Deferred Action Overview
Libby Eiholzer, Bilingual Dairy
Northwest New York Dairy, Livestock & Field Crops
By now most people have heard of the Obama administration's June 15th announcement of a new policy providing some immigrants who were brought to this country as children an opportunity to avoid deportation. This is referred to as "deferred action from deportation", and allows the Department of Homeland Security to use its judgment and not deport people that they determine to be a low priority for immigration enforcement. So do any of your employees qualify for deferred action?
The U.S. Department of Homeland Security has put forward a list of guidelines that can help to determine who is eligible for deferred action. Those who meet these guidelines may be granted two years of deferment from deportation, subject to renewal, as well as eligibility to apply for work permits. This does NOT provide a path to permanent residency or citizenship. While each request for deferred action will be decided on a case-by-case basis, those persons who meet the following age, residency, education and legal requirements may be eligible:
- Were under the age of 31 as of June 15, 2012
- Came to the United States before turning 16
- Have lived in the United States continuously since June 15, 2007 up to the present time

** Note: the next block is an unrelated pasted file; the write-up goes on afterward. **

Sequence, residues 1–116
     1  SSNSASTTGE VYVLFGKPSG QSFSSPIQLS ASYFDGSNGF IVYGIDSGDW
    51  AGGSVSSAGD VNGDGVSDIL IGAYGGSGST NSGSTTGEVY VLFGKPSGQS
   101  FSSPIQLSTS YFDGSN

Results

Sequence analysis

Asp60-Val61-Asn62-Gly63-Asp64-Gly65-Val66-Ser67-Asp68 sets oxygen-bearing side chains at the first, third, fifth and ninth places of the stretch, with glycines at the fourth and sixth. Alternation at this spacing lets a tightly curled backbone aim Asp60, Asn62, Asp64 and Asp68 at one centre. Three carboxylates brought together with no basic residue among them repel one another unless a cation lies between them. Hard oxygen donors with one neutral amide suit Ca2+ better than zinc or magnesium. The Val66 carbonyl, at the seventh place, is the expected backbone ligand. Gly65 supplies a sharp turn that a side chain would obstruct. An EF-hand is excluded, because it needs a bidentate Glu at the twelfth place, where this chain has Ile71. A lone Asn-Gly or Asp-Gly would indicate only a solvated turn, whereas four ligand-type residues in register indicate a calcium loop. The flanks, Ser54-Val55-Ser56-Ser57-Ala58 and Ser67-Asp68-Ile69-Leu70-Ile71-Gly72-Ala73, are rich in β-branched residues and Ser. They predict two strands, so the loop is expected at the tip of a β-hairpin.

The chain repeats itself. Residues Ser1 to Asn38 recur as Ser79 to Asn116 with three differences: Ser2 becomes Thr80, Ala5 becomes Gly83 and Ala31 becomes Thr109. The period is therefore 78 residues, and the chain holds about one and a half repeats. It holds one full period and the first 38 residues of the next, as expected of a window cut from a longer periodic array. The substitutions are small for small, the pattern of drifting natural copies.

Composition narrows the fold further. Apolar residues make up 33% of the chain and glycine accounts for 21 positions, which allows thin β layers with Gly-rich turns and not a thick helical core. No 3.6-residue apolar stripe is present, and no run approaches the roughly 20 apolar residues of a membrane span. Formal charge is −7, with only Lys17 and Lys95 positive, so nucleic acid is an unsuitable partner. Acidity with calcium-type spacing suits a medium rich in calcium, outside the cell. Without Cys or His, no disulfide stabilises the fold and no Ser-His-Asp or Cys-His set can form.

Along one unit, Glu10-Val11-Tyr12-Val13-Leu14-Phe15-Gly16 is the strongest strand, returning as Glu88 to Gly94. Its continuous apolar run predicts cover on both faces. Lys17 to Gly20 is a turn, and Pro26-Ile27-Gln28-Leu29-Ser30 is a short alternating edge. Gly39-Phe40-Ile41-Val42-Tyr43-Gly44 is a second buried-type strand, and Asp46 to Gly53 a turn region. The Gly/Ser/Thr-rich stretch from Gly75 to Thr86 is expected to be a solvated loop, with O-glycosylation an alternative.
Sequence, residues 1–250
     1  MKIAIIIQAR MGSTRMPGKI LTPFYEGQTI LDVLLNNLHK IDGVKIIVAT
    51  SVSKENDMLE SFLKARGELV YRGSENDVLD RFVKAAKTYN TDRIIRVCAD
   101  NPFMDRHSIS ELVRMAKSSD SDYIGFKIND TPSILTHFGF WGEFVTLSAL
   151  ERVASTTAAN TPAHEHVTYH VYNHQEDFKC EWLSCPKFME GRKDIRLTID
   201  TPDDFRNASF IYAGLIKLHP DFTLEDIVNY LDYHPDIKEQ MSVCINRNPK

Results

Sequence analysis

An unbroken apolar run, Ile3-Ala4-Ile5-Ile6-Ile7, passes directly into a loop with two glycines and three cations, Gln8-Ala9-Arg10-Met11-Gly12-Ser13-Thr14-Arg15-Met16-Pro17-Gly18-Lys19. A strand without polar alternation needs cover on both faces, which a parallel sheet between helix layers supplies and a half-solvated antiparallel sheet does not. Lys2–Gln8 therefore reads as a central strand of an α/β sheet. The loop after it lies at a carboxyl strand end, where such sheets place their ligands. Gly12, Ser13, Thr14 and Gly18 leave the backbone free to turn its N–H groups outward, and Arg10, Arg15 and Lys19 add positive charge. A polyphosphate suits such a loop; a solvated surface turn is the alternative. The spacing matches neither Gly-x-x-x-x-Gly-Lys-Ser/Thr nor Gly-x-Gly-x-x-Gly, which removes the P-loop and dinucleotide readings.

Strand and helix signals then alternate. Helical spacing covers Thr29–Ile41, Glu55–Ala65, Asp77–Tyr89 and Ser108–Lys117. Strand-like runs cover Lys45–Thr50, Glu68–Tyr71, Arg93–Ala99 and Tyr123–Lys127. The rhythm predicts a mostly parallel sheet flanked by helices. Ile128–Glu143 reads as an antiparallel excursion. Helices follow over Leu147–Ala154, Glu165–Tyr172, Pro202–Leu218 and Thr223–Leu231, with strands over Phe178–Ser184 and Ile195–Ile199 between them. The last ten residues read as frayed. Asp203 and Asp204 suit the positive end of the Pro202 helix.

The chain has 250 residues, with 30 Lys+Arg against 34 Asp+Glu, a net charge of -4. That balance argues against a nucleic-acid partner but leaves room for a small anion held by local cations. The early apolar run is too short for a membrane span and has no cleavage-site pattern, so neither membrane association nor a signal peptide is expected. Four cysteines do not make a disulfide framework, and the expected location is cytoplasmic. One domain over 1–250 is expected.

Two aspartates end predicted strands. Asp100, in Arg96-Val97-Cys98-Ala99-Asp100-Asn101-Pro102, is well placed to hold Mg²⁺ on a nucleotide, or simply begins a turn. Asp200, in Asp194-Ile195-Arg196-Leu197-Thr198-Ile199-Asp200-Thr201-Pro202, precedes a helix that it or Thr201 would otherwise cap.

- Were physically present in the United States on June 15, 2012 and at the time of submitting a request for consideration for deferred action
- Entered the United States before June 15, 2012 without inspection or whose lawful immigration statues expired as of June 15, 2012
- Are currently in school, have graduated or obtained a certificate of completion from high school, have obtained a general education development (GED) certificate, or are an honorably discharged veteran of the Coast Guard or Armed Forces of the United States
- Have not been convicted of a felony, significant misdemeanor, three or more other misdemeanors, and do not otherwise pose a threat to national security or public safety
The bottom line: The U.S. Citizenship and Immigration Services (USCIS) began accepting applications for deferred action from deportation on August 15th. Applicants must fill out the required forms and pay a fee of $465. The USCIS warns applicants to be aware of scams; there is no expedited process for applying for deferred action, though con artists may claim to be able to rush an application for a fee.
For more information on deferred action, the filing process and links to the forms required for applications, visit the USCIS website (www.uscis.gov). You can also call their hotline (1-800-375-5283) from 8am-8pm for assistance in English or Spanish.
The Department of Homeland Security's website (http://www.dhs.gov/deferred-action-process) also offers more information, plus a link to an information page in Spanish.
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Please contact Margaret Quaassdorff at firstname.lastname@example.org or 585-405-2567 with any questions or concerns.
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